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Numerical issues when integrating a (fixed) delayed pulse in System Modeler

Posted 2 years ago
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I have posted a similar question on StackOverflow (here), as it seems -- with the alleged exception of SimulationX -- to appear in System Modeler as well as in OpenModelica and Dymola. I believe that the issue may be of interest for this community and I would be very interested to see whether the issue is only related to System Modeler 4.3 (which I used for testing the issue) and what best can be done to avoid the sometimes tremendous errors within a model.

The Problem (minimum example)

I noted numerical errors trying to build a System Dynamics library where a component called "conveyor" typically is used to model the transport of an amount of some material from one stock to another using a fixed delay (also called pipeline delay in SD lingo). The issue seems closely related to event handling as becomes apparent especially when a pulse input is delayed, that uses time events in the Modelica standard library component:

Model Diagram for Pulse Test

model PulseTest "Test FixedDelay with Pulse Input"
    Modelica.Blocks.Nonlinear.FixedDelay fixedDelay( delayTime = 5 );
    Modelica.Blocks.Sources.Pulse pulse(
        startTime = 1, 
        width = 100, 
        period = 1/32, 
        amplitude = 32, 
        nperiod = 1
    Modelica.Blocks.Continuous.Integrator x; // integrator for the undelayed pulse
    Modelica.Blocks.Continuous.Integrator y; // integrator for the delayed pulse
    connect( pulse.y, fixedDelay.u );
    connect( fixedDelay.y, y.u );
    connect( pulse.y, x.u );
end PulseTest;

We have a pulse signal with amplitude a and a period (width = 100%) of 1/a which being integrated should eventually give 1.0 by the end of the simulation.

Simulating this simple model using DASSL from time 0 to 10 with standard settings (e.g. 2000 steps) will give these results:

Plot over time

As we can see, the undelayed pulse correctly accumulates to 1.0 (x), while the delayed signal overshoots (y).

There is no easy way to fix this (greatly increasing the solver steps is one remedy) it seems. Euler fixed step for example correctly simulates the model, while the pulse disappears using Runge Kutta or Heun's method.

What is the best ("most robust and reliable") way to deal with this issue?

UPDATE (12/18/18):

Comments and a first answer by a Dymola developer give a confusing picture (cf. my post on SO): It seems that SimulationX, another commercial simulation environment for Modelica, will give the correct solution irrespective of solution method, while the Dymola developer states, that there is no easy workaround making event-propagation possible when choosing a variable step solver.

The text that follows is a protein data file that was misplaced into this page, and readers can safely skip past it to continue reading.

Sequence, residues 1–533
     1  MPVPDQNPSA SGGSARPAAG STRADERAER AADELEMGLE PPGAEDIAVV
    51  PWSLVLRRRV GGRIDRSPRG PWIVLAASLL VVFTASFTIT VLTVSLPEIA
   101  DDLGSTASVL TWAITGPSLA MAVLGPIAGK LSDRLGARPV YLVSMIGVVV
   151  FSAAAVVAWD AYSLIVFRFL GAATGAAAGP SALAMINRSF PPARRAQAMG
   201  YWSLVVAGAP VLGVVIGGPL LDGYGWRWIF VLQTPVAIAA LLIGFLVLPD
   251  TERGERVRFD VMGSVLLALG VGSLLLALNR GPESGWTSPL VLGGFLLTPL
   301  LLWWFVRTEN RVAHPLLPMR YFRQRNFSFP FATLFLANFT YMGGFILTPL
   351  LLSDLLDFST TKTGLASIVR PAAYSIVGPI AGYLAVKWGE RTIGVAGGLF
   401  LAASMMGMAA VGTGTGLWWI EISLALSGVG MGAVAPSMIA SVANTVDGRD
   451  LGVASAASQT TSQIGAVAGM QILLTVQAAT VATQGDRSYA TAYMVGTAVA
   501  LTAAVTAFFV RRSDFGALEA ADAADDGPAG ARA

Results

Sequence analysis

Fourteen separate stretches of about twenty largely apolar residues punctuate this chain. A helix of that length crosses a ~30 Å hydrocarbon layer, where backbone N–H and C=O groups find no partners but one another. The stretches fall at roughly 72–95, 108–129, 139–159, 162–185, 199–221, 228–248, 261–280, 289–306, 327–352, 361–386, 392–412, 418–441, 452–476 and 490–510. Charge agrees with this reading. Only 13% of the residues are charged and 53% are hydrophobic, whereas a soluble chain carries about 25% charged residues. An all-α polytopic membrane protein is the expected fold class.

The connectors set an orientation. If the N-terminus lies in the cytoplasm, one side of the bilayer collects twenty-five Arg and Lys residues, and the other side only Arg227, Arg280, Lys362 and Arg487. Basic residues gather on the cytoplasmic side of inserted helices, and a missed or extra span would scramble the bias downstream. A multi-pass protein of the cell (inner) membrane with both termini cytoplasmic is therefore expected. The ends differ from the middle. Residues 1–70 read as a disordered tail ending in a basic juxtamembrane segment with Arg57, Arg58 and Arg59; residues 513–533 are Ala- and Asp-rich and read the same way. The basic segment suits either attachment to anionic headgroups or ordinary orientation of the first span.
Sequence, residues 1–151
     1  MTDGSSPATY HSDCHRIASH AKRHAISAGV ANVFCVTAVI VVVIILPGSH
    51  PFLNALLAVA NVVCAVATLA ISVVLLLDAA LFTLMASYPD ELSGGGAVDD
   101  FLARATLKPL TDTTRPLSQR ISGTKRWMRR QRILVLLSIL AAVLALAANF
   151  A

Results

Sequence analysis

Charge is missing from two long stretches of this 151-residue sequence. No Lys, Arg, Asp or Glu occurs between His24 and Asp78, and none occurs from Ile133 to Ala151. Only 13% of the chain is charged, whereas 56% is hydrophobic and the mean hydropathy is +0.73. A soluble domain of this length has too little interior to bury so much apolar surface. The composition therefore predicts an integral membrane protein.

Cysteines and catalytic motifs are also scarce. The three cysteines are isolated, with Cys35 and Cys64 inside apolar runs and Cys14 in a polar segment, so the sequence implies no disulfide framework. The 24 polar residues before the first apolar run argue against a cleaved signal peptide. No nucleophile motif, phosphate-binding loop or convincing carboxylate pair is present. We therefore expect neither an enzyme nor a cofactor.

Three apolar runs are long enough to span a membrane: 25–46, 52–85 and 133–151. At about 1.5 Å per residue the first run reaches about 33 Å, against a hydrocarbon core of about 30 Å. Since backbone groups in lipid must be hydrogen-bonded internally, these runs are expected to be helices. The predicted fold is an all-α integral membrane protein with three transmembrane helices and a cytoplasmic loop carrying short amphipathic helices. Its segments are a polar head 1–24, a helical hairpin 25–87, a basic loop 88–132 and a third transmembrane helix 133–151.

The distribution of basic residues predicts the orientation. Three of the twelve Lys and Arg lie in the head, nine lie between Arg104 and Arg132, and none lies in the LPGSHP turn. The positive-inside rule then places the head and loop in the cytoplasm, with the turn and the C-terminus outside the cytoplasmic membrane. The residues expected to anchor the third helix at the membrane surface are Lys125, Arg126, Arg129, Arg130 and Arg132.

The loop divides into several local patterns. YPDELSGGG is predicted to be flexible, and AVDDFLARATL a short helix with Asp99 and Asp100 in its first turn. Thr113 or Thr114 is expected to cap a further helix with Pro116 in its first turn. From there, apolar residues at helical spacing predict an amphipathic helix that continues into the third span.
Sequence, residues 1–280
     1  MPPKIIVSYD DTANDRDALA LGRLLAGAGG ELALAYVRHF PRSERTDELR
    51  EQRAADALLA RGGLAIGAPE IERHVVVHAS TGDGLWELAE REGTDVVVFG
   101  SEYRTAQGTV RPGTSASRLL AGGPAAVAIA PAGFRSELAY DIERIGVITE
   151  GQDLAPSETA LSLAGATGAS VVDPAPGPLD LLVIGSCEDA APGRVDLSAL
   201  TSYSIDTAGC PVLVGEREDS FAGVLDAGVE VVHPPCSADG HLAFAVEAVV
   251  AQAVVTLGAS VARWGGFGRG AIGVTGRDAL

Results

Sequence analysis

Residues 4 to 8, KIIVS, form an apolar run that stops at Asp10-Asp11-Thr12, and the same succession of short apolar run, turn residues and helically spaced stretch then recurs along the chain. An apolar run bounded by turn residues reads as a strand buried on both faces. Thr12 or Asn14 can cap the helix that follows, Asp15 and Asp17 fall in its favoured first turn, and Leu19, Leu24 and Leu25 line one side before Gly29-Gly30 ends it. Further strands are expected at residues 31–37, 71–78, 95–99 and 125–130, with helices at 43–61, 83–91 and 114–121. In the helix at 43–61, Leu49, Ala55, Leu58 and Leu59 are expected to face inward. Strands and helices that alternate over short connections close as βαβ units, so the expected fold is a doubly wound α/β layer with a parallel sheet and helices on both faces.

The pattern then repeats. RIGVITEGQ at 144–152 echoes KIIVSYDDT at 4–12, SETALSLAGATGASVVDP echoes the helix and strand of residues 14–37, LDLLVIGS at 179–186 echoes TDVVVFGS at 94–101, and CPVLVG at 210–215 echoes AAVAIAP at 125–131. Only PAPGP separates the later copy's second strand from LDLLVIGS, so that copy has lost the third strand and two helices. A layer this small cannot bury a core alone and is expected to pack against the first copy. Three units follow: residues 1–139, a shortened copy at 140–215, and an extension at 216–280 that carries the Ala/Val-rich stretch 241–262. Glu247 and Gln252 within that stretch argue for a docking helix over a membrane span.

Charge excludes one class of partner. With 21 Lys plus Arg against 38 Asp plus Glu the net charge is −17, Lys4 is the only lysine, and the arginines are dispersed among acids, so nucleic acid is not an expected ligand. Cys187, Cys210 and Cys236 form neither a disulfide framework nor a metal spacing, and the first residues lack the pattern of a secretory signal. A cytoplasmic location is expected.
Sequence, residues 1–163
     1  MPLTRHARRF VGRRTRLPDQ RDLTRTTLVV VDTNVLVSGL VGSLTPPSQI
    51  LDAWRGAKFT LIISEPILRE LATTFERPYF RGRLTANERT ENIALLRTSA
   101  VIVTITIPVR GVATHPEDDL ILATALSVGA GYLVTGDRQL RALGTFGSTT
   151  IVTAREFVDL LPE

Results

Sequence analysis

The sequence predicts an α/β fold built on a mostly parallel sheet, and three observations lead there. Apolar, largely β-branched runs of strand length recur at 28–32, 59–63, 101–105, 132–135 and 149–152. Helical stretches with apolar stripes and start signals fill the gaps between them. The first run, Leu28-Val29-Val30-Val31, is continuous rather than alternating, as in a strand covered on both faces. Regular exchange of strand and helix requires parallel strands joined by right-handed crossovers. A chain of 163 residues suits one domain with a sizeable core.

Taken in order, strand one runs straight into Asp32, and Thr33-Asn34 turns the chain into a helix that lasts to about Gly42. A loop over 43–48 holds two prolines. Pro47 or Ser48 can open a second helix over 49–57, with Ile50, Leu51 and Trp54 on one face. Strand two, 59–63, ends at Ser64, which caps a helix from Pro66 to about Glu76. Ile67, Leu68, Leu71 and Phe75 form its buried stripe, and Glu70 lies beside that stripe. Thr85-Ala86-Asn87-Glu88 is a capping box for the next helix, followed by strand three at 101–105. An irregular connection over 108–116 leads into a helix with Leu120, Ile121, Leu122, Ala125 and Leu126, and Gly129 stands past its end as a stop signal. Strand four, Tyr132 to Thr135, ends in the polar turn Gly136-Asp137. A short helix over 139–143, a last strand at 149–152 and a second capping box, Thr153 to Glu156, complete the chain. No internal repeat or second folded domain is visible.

2 Replies

Hi Guido,

The problem is related to the signals only being implicitly discrete. If one uses this delay instead, it works:

model DiscreteFixedDelay
  discrete input Modelica.Blocks.Interfaces.RealInput u ;
  discrete output Modelica.Blocks.Interfaces.RealOutput y ;
  parameter Modelica.SIunits.Time delayTime(start = 5) = 5 "Delay time of output with respect to input signal";
  y = delay(u, delayTime);
end DiscreteFixedDelay;

enter image description here



Hi Ankit,

Thanks a lot for your answer that poses some fundamental questions regarding "System Dynamics-like" modeling in Modelica:

Most dedicated System Dynamics tools (e.g. PowerSim, Vensim, Stella/iThink etc.) avoid all the intricities of DAE and use fixed and explicit TIME STEP solvers in their tools. So a pulse there would be modeled as "y := amplitude / TIME STEP". In the end, the continuous time paradigm ends up being treated as discrete only.

Modelica is of course far more general, but this leads to some very intricate problems: There is no explicit reference to the TIME STEP in model equations and even the discrete signal Pulse.y is modeled as a continuous real output - not a discrete one - in Modelica.

It would be very cumbersome (even with redeclare) to have a strict spearation of discrete and continuous blocks and would not be general enough. Unfortunately, building a very general System Dynamics library in Modelica is not as easy as I had naively thought. ;-)

Best, Guido

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